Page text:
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Proteases: Not your typical digestive enzymes

yee Mike Yee

You’ve likely learned in biology, physiology, or biochemistry classes about enzymes that are converted from zymogens into active enzymes. And you might have encountered an enzyme type called proteases that catalyze protein degradation or cleave molecular bonds. For example, if you’ve worked with cell culture, you may have used proteases to digest the extracellular matrix, so as to detach the cells for collection. Proteolytic functions are important for many reasons, but more needs to be understood of the way proteases act as signaling molecules.

A recent announcement and call for abstracts for a Special Symposium on Membrane-Anchored Serine Proteases scheduled for Sept. 14-17 by the American Society for Biochemistry and Molecular Biology highlight just how important these proteases are for health and disease. Below is an introduction to two of the symposium’s invited speakers. Preliminary program topics include membrane-anchored serine proteases in cancer, infection and host defense, physiology, metabolism, and homeostasis. Check back on the ASBMB website for the full program and abstracts.   

Keynote Speaker: Dr. Toni Antalis, University of Maryland

Dr. Antalis’ research interests focus on understanding the signaling mechanisms involving serine proteases, including the group of membrane-bound serine proteases that have recently been brought to light. Antalis’ research has illuminated the role of such proteases in intestinal epithelial barrier function, coagulation, cancer, and fertility. Antalis recently wrote an introduction to the role of one such transmembrane protease, matriptase, in coagulation signaling.

Matriptase is expressed on nearly all epithelial cells and plays a role in barrier integrity. Although tissue factor (TF) / factor VIIa (FVIIa) and (Factor Xa) FXa have previously been shown to activate PAR2 (protease-activated receptor 2) on epithelial cells, FVIIa and FXa have also been shown to activate the matriptase zymogen, which led to PAR2 signaling, as referenced in this study. In another study, matriptase was also shown to be activated indirectly by a glycosylphosphatidylinositol (GPI)-anchored protease called prostasin, and a new signaling pathway for matriptase in tissue injury was revealed. Antalis’ work has also encompassed studies of another GPI-anchored protease called testisin, which cleaves the N-terminal domain of PAR2 and has a role in testicular cancer.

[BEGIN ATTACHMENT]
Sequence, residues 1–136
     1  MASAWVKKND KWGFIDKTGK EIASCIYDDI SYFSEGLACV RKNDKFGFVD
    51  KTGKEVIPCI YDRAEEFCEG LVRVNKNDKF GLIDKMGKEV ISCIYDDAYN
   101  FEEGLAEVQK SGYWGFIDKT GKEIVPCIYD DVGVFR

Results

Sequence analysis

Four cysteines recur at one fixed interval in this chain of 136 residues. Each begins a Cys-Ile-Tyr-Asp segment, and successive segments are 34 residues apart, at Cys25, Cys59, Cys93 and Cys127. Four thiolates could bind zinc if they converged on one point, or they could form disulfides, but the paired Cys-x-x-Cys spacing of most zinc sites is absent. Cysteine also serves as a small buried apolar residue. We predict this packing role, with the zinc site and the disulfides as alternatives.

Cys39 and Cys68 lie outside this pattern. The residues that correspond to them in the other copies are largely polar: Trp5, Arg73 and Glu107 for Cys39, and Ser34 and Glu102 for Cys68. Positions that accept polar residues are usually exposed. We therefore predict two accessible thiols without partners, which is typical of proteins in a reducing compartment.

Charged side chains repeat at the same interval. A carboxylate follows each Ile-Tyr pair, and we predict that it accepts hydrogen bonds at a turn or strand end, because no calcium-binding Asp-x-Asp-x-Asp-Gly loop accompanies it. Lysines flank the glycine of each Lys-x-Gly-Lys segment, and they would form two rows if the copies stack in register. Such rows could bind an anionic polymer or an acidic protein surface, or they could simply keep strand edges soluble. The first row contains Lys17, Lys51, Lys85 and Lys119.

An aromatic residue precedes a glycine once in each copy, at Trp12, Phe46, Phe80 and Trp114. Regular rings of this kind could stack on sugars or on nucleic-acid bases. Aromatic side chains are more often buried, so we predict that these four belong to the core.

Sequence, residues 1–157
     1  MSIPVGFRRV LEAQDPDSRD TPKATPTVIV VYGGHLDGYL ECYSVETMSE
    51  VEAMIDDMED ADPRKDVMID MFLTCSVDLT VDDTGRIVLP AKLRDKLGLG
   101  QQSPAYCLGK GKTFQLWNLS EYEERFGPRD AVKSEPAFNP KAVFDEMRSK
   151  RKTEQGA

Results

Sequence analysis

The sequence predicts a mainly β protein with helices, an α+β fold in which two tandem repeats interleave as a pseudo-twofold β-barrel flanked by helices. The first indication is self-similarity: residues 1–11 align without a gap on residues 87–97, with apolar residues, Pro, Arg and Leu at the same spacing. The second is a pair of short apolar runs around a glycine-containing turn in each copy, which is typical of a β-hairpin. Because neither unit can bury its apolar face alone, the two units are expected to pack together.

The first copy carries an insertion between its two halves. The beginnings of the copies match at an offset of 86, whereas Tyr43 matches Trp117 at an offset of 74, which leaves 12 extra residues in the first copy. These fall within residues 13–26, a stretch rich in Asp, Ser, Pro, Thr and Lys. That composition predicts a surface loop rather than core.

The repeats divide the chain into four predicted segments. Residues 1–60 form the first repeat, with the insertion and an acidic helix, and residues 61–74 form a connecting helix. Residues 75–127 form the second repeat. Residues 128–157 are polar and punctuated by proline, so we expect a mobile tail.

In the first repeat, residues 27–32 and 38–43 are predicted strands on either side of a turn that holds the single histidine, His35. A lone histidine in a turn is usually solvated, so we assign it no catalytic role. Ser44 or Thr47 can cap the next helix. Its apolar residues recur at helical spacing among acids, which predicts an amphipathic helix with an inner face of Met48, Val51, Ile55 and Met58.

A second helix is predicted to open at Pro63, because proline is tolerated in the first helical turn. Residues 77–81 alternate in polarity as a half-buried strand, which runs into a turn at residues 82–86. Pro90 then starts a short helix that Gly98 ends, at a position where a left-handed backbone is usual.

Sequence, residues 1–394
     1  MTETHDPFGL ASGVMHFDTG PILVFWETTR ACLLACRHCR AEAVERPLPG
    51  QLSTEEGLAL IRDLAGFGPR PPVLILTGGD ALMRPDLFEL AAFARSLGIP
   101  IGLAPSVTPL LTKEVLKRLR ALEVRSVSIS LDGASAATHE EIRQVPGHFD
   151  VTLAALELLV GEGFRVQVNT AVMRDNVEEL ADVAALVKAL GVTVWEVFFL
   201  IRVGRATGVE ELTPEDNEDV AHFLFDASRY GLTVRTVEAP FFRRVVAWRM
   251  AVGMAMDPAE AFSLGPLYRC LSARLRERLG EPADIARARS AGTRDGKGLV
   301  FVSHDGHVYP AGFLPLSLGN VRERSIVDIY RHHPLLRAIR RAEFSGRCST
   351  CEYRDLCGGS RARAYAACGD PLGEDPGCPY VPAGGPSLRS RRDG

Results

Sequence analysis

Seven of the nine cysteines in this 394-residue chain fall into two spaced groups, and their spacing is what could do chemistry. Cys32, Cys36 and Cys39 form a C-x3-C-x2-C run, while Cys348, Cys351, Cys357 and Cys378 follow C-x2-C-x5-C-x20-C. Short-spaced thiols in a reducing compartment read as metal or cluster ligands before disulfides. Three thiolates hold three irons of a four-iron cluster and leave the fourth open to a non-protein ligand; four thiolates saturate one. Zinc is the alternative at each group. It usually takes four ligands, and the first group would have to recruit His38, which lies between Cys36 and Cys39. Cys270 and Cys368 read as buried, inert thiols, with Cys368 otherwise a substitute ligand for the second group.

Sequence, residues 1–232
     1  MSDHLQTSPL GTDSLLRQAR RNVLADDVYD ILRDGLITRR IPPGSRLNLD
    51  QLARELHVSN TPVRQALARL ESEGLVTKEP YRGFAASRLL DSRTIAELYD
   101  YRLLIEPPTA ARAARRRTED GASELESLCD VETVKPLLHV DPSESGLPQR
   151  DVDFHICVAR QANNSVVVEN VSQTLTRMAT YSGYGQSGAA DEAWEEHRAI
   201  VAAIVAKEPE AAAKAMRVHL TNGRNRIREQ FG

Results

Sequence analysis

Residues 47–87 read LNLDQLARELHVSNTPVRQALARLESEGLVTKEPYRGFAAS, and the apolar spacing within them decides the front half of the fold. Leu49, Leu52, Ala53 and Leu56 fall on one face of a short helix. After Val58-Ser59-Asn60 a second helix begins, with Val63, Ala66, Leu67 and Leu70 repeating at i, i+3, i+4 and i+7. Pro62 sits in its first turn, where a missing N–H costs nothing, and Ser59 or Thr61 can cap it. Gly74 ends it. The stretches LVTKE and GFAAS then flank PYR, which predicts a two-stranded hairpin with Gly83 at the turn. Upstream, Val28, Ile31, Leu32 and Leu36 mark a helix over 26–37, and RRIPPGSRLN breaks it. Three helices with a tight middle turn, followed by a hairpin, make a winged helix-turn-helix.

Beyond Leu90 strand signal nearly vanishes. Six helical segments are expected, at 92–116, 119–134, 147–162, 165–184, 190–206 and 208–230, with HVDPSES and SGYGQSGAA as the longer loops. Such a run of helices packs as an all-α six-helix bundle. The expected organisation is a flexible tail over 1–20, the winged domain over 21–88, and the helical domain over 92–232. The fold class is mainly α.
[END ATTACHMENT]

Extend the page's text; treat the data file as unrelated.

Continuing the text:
Invited Speaker: Dr. Shaun Coughlin, UCSF

A 2016 paper describes the imaging of a GFP-based caspase reporter of apoptosis in vivo in live zebrafish embryos. Whereas FRET (Förster resonance energy transfer)-based reporters give a weak signal and iCasper (infrared fluorogenic caspase reporter) system is limited by a cofactor requirement, Coughlin’s group discusses the design of a reporter they call ZipGFP. ZipGFP was designed to initially be in a “zipped” yet disassembled stage so that proteolytic cleavage of the specific sequence would lead to “unzipping” of the reporter, which would then assemble itself and lead to increased fluorescence. This was shown in human glioblastoma LN229 cells where apoptosis was induced by the addition of staurosporine and caspase 3 activity was reported at a 5-10 fold increase of fluorescence on top of the coexpressed mCherry.

Coughlin’s group also used zebrafish—chosen because of their transparent bodies—as one of the powerful model organisms. After injection of ZipGFP mRNA into the zebrafish embryo along with mCherry mRNA, they observed increased green fluorescence that extended over time in the brain region and into the body. This technique is significant because it can be applied to study protease activity and apoptosis in vivo in health and disease. For example, for my dissertation project, I hoped to use a technique like this to determine whether proteases found in aeroallergens are actually binding and activating the protease-activated receptor 2, and I'm still interested in testing this in the future.     

These are just two of the outstanding presenters headlining September’s symposium. I’ve studied a specific protease-activated receptor signaling pathway for a significant chunk of my life. My group's research has led to the identification of an Alternaria alternata serine protease found in the fungal samples, and our studies also led us to investigate the role of mast cell tryptase. Just note that these are not known to be membrane-anchored proteases. So I may be more excited than others, but anyone interested should check out this symposium and register to learn more about why proteases aren’t your typical digestive enzymes.

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Mike has a Ph.D. in Biomedical Sciences from the University of California, Riverside, a M.S. in Cell and Molecular Biology from San Francisco State University, and a B.A. in English from the University of California, Berkeley.